M33, the Triangulum Galaxy in Ha+RGBColor with the SpaceCat51 and ZWO ASI071MC cooled color camera + Atik 414EX monochrome camera. I processed some 2018 and 2019 data to see what kind of detail I can get out NGC 604--that's the large pink mass at the middle bottom of the galaxy in this rotation. NGC 604 is a vast HII region, much brighter and 40 times larger than the Orion Nebula in our galaxy. M33 is a little under 3 million lightyears away.
Andromeda (M31) was the first deep sky object I captured with a camera--an old Nikon D40x DSLR. The Orion Nebula (M42) was the second. For many years M31 was my favorite galaxy and it is in many ways the ideal galaxy; it's a massive spiral at the perfect photographic angle from our perspective, here in the middle of our own galaxy. At two and a half million lightyears, it's not far away. And while M101, the Pinwheel Galaxy, is perfect from a galactic structure point of view, being a face-on from our perspective (or top down), Andromeda is cinematically posed for all of us taking pictures from earth. Galaxies are not really my thing. I usually focus on narrowband imaging of nebulae, supernova remnants, and other large structures within the Milky Way--so, thousands of lightyears away, not millions. I almost always shoot with sub-1000mm focal lengths, and galaxy imagers are usually running with 2000mm or more. OTAs of 3000mm and up are common.
Andromeda is certainly one of my favorites, but I think the Triangulum Galaxy (Messier 33, M33, NGC 598) in the constellation Triangulum is my favorite northern hemisphere galaxy. It's kind of chunky with vast HII regions (the pink structures scattered along the spiral arms). It gets a little thin out toward the edges; not the smooth plane of stars you see in the Andromeda galaxy. It's made up of 40 billion stars rather than the trillion or so in Andromeda. M33 is another galactic neighbor and close enough to capture with medium focal lengths.
My William Optics GT81 Apochromatic triplet refractor, the day it arrived (left) and today (right)--that's an FPL-53 front element, 81mm aperture, 478mm focal length, 382mm at f/4.7 with the field flattener. I've been capturing the beautiful night sky with this awesome piece of hardware for nearly seven years. I bought it August 2015 and here we are in May 2022. I have captured hundreds of nebulae, galaxies, supernova remnants, and various phases of our moon. Over the last seven years I've captured the distant light of stars and emission nebulae in thousands of one, two, five, and ten-minute sub-exposures. Here's to seven more. Thank you, William Optics!
I was experimenting with UV/IR cut filters on the ZWO ASI071MC last night, and took a bunch of test subs without guiding--all 30 second exposures. This is 97 sub-exposures of M13 (NGC 6205) in the constellation Hercules. Messier 13, like most (all?) globular clusters orbit in the halo of the Milky Way galaxy, a good distance away from the core, both above and below the galactic plane.
And more stars (IC 4756 star cluster). More testing with the IR/UV cut filter and the ZWO ASI071MC camera.
North America Nebula (NGC 7000, left) and Pelican Nebula (IC 5070, top right) in the constellation Cygnus. Narrowband in the SHO palette. 68 x 240 second subs in Ha, OIII, SII. I kept the Hydrogen (green) levels pretty even.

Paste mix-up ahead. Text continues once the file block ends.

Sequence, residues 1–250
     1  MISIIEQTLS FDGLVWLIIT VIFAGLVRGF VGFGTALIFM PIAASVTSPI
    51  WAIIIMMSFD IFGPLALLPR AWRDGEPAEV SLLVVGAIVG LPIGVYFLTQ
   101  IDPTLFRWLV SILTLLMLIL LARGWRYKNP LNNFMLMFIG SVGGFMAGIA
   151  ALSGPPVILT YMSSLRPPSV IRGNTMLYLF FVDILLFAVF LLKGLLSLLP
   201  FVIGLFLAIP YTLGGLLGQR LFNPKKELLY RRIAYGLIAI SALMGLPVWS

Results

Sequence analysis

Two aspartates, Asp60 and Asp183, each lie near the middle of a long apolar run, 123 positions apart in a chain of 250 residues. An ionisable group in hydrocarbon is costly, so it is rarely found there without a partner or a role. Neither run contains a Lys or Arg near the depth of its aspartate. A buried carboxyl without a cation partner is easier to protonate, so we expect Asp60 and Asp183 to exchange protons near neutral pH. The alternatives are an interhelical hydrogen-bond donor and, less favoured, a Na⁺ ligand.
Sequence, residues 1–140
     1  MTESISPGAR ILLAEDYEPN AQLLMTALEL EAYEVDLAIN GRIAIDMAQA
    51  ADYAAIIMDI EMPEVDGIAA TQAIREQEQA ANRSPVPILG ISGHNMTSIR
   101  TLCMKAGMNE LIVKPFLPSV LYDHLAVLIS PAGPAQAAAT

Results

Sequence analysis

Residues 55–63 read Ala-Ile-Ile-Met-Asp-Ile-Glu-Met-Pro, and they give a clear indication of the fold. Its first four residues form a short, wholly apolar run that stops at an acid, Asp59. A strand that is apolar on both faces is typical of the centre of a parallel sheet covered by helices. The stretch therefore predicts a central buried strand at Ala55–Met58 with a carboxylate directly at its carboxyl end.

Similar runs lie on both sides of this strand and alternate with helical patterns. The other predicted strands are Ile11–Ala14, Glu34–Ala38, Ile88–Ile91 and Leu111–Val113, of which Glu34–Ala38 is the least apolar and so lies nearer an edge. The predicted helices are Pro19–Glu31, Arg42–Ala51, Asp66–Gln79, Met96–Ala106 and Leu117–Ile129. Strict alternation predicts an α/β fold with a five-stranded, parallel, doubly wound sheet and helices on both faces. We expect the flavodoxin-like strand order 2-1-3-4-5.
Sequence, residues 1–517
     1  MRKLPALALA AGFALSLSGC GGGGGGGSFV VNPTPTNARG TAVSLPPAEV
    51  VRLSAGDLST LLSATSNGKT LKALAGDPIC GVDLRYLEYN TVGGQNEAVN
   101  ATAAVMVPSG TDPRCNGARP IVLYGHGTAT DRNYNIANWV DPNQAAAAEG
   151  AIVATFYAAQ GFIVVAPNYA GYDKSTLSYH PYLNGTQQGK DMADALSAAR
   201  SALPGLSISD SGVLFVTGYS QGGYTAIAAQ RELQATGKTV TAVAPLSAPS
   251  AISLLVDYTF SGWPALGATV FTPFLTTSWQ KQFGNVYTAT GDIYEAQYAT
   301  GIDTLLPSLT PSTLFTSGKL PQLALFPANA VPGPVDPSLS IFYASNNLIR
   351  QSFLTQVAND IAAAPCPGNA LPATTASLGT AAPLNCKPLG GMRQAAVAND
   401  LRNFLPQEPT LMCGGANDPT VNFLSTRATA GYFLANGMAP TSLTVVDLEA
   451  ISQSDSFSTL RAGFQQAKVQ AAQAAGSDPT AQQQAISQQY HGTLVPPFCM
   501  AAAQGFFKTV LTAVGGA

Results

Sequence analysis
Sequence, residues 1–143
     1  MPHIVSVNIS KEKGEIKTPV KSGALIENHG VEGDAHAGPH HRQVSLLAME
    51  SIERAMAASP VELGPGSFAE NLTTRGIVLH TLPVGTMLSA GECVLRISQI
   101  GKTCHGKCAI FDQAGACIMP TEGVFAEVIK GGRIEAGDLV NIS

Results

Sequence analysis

The evening weather hasn't been super clear lately, but it has given me a chance to test out the all-sky camera. This takes a pic every 20 seconds through the night and creates a time lapse video, a stacked star-trails image, and a keogram (a keogram is single image visualization that represents an entire night's atmospheric activity). And of course, there's a "Live View" so I can always check on the sky's current conditions.
I'm running Thomas Jacquin's awesome open-source AllSky software for Raspberry Pi:
Today starts my first full test of the setup, with daylight solar charging and continuous operation. Here's the current system, with the dome taped down for now, ZWO ASI120MC color astro camera, 6mm super wide-angle lens, Raspberry Pi 3b, lithium battery, and 10 amp PWM solar controller. I drilled two holes for ventilation, mainly to test the need for separate dew control. My hope is that there's enough heat rising from the Raspberry Pi CPU fans to get warm air circulating under the dome--with enough of a temp boost to prevent condensation from forming.
Examples of the camera's field of view from the back deck, close to the house. I have it in the middle of the backyard now, with a full view of the sky.
A snapshot from the April 3rd night sky:
About 450 lightyears away, the Pleiades, Messier 45 is one of the most recognizable open star clusters in northern hemisphere skies. Imaging Notes: 28 x 480 + 28 x 600 second subs, William Optics SpaceCat 51 APO Refractor, ZWO ASI071MC camera, iOptron CEM25P mount.
Astro setup for this imaging run:
With the stars removed you can really see the hydrogen cloud structures. It is the intense radiation from those stars that drives the currents and eddies and walls of cloud. And then there's the "finger of Orion", middle left, pointing at NGC 1976, and clearly saying, "that's my favorite nebula in the whole galaxy".
Narrowband (3 nanometer hydrogen-alpha) crop of the central region of the California Nebula (NGC 1499) in the Constellation Perseus. I used the neural-net based StarNet to remove the stars from the final image. So we're only seeing the trillions of miles of hydrogen, along with dark bands of dust and interstellar debris.